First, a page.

An apocalyptically orange sky loomed over San Francisco earlier today as smoke from unprecedented wildfires blotted out the Sun.
Wildfires have already burned a record 2.3 million acres across California this year. Swathes of the Pacific Northwest are ablaze, too, in what Oregon Gov. Kate Brown called a “once in a generation event.” Strong winds that followed record-breaking heat over Labor Day weekend have made a bad fire situation even worse.
The eerie orange color of the San Francisco sky was caused by smoke high in the atmosphere, as the local air quality agency explained on Twitter.
These smoke particles scatter blue light & only allow yellow-orange-red light to reach the surface, causing skies to look orange. If smoke becomes too thick in a certain area, most of the light will be scattered & absorbed before reaching the surface, which may cause dark skies.— Bay Area Air Quality (@AirDistrict) September 9, 2020
“We just have so much smoke over us right now,” the Bay Area’s National Weather Service tweeted today. “This is beyond the scope of our models so we rely on your reports! .... The models do not seem to be keeping up with the thick layer of smoke as far as temperature forecast data, visibility.” As the winds taper off, gravity will pull the smoke down. That could mean darker skies and even worse air quality later today, according to NWS.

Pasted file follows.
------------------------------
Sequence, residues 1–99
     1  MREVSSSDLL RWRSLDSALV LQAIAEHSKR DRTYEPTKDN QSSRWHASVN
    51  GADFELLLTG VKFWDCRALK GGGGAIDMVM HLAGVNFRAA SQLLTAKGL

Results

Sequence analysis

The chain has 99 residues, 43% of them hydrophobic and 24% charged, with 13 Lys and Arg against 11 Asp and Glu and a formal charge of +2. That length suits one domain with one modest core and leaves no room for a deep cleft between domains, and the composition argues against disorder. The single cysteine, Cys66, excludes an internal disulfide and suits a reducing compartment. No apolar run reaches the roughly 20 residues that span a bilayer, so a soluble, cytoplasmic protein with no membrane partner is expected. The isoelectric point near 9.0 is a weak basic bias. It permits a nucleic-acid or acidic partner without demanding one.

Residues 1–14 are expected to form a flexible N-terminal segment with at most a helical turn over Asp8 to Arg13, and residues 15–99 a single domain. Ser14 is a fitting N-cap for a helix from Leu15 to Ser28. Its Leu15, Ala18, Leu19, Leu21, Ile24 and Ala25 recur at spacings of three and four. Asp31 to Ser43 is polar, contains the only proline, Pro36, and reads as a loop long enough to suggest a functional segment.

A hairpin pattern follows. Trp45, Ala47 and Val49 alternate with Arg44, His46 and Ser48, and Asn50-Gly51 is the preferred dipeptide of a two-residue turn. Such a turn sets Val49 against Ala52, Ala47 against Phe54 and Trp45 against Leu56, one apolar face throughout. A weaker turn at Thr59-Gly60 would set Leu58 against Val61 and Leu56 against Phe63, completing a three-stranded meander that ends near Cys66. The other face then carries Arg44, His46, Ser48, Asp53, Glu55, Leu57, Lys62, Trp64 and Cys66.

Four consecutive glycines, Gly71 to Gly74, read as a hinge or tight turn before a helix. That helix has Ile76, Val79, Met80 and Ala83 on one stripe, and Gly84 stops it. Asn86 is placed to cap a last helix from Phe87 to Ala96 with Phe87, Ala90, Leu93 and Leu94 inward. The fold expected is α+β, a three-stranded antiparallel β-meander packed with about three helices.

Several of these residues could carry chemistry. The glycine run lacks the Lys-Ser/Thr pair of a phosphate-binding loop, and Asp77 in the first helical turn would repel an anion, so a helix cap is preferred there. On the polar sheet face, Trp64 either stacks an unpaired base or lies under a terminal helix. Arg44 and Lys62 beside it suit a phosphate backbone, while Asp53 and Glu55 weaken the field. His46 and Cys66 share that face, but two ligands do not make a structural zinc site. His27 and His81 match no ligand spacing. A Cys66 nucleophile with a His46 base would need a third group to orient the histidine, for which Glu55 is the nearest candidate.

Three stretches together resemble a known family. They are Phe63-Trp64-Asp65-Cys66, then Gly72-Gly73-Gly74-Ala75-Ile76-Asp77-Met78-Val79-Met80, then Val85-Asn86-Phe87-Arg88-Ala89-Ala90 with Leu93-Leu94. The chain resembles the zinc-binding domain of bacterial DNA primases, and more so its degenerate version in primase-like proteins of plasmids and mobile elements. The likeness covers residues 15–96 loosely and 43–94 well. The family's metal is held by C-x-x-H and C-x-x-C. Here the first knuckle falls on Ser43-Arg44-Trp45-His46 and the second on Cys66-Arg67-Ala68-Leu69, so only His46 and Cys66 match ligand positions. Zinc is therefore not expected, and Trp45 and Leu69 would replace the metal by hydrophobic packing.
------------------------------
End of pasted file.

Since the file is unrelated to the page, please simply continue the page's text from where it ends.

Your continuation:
The smoke was so thick it messed up weather forecasts. The National Weather Service (NWS) didn’t account for how much the smoke would block out sunlight, Roger Gass, a meteorologist with NWS, told The Verge. NWS San Francisco Bay Area models forecast temperatures to be 80 degrees Fahrenheit in parts of San Francisco today, but actual temperatures were up to 20 degrees lower, thanks to the smoke. That’s why they’re hoping people in the city will post their own weather reports on Twitter — so they can adjust their models on the fly.
Blazes like the ones currently overpowering the West Coast have become more frequent and intense as a result of climate change. Fire seasons have grown longer, and larger areas of land are going up in flames.
Verge video director Vjeran Pavic took these pictures of San Francisco and Sutro Tower using a drone on Wednesday morning, a few hours after sunrise.
William Poor and Mary Beth Griggs contributed to this report.
Correction Sep. 9th, 4:45pm: These pictures were taken on Wednesday morning. An earlier version of this post stated these photos were taken on Thursday. We regret the error.